By KAREN WELLS
LEWISPORTE & AREA — The days of the Community Access Program (CAP) at the Lewisporte Memorial Public Library and all of the sites offering free access to the Internet may be numbered.
It was communicated to the library board by letter on April 5 by Industry Canada that, “In these challenging fiscal times, the Government remains committed to prioritizing expenditures and returning to budget balance. CAP was scheduled to end March 31, 2012, and will not be renewed.”
All this came as a surprise and shock to the local library board that hosts the CAP program. Board chairperson Myrtice Alpen said none of them were even aware that there was a prior end-date in place for CAP, or that it was even up for the possibility of renewal. The first they heard of it was the letter they received the day before Good Friday.
“This was really out of the blue,” said the boards regional representative John Sutherland. “There was no preliminary discussion, no questions asked of any member of the library as to whether or not we thought funding for the service could be reduced. There was no consultation whatsoever.
“If it’s necessary for the Federal Government to cut funding for this program, you’d think the appropriate thing to do would be to give advance notice and to at least take into consideration the views of people who are using the equipment or where the equipment is located, but instead it was just the letter you have there (from Industry Canada).”
As of the interview time with The Pilot last week, the CAP program was still operating as per normal. The board was awaiting word from the Provincial Libraries Board on how to proceed.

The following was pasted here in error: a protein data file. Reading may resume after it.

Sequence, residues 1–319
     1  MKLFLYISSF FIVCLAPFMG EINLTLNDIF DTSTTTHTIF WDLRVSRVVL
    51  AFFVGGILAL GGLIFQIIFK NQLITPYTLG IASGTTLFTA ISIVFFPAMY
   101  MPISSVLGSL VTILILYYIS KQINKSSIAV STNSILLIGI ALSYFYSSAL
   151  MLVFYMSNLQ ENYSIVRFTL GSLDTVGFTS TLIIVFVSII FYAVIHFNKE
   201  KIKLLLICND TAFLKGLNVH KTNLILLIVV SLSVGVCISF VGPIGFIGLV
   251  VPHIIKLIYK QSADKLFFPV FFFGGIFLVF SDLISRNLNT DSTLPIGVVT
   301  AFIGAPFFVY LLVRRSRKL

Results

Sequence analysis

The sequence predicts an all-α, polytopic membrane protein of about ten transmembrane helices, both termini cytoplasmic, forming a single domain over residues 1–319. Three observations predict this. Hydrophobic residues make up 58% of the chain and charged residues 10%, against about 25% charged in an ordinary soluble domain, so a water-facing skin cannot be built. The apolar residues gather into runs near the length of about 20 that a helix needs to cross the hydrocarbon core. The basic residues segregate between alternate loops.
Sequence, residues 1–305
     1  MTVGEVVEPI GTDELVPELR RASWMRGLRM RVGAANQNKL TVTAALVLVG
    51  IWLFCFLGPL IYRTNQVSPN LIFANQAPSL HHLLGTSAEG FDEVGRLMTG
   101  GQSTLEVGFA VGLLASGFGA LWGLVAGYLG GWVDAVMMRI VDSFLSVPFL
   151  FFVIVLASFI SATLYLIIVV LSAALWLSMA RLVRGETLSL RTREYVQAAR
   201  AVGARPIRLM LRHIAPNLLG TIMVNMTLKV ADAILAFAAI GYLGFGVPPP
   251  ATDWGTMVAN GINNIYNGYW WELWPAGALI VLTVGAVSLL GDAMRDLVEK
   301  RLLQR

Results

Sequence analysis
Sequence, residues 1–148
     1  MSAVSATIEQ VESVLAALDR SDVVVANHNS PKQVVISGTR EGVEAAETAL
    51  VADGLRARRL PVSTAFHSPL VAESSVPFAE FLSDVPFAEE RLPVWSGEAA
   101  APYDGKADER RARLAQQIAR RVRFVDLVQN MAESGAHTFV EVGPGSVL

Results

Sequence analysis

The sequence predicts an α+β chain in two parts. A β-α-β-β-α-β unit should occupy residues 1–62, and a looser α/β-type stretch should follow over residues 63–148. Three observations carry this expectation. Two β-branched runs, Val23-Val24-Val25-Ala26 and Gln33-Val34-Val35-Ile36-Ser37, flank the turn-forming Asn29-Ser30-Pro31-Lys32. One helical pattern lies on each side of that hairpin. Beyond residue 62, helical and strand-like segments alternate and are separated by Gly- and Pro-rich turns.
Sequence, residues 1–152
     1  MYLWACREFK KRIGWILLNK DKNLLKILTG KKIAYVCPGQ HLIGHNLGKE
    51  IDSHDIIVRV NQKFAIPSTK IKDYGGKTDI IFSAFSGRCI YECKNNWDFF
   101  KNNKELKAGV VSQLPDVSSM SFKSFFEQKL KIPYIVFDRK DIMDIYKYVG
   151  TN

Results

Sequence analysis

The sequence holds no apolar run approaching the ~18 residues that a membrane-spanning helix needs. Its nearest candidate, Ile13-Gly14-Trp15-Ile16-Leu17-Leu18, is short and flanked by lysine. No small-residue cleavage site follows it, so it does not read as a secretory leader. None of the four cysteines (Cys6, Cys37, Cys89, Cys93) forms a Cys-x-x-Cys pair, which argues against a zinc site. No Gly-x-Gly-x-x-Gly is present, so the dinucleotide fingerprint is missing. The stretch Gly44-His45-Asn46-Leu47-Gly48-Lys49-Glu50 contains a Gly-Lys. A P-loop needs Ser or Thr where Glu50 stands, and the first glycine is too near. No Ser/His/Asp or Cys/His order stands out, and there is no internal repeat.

It was noted during the interview that the Federal Government had contributed $550,000 annually for this province to offer CAP at select libraries and community centre sites. The Provincial Government contributed another $400,000. The board was also anxiously waiting to see what would be held in the 2012 Provincial Budget (released April 24, after The Pilot deadline) to see if that funding would also be impacted.
“The cost they figure to offer this program is about 42 cents per Canadian per year,” said Ms. Alpen. “What a cheap way to educate people really for 42 cents.”
The combined CAP funding goes towards providing wireless connections at CAP sites, computers and related equipment and software, maintenance and information technology (IT) support, etcetera. There are seven computers at the CAP site in Lewisporte. Mr. Sutherland said as far as they know, the computer equipment will be left in place. It was noted however that if IT support were to be affected and those 10 or so people in those areas were impacted by job losses, it would have a negative impact on the ability to have the computers operating at the library in Lewisporte.
“Quite often we have to get in touch with them,” said librarian Bobbi Benson. “I am waiting on a call from them right now.”
Ms. Alpen said if computers go down or are unusable, the library doesn’t have the funds to deal with repairs or replacements.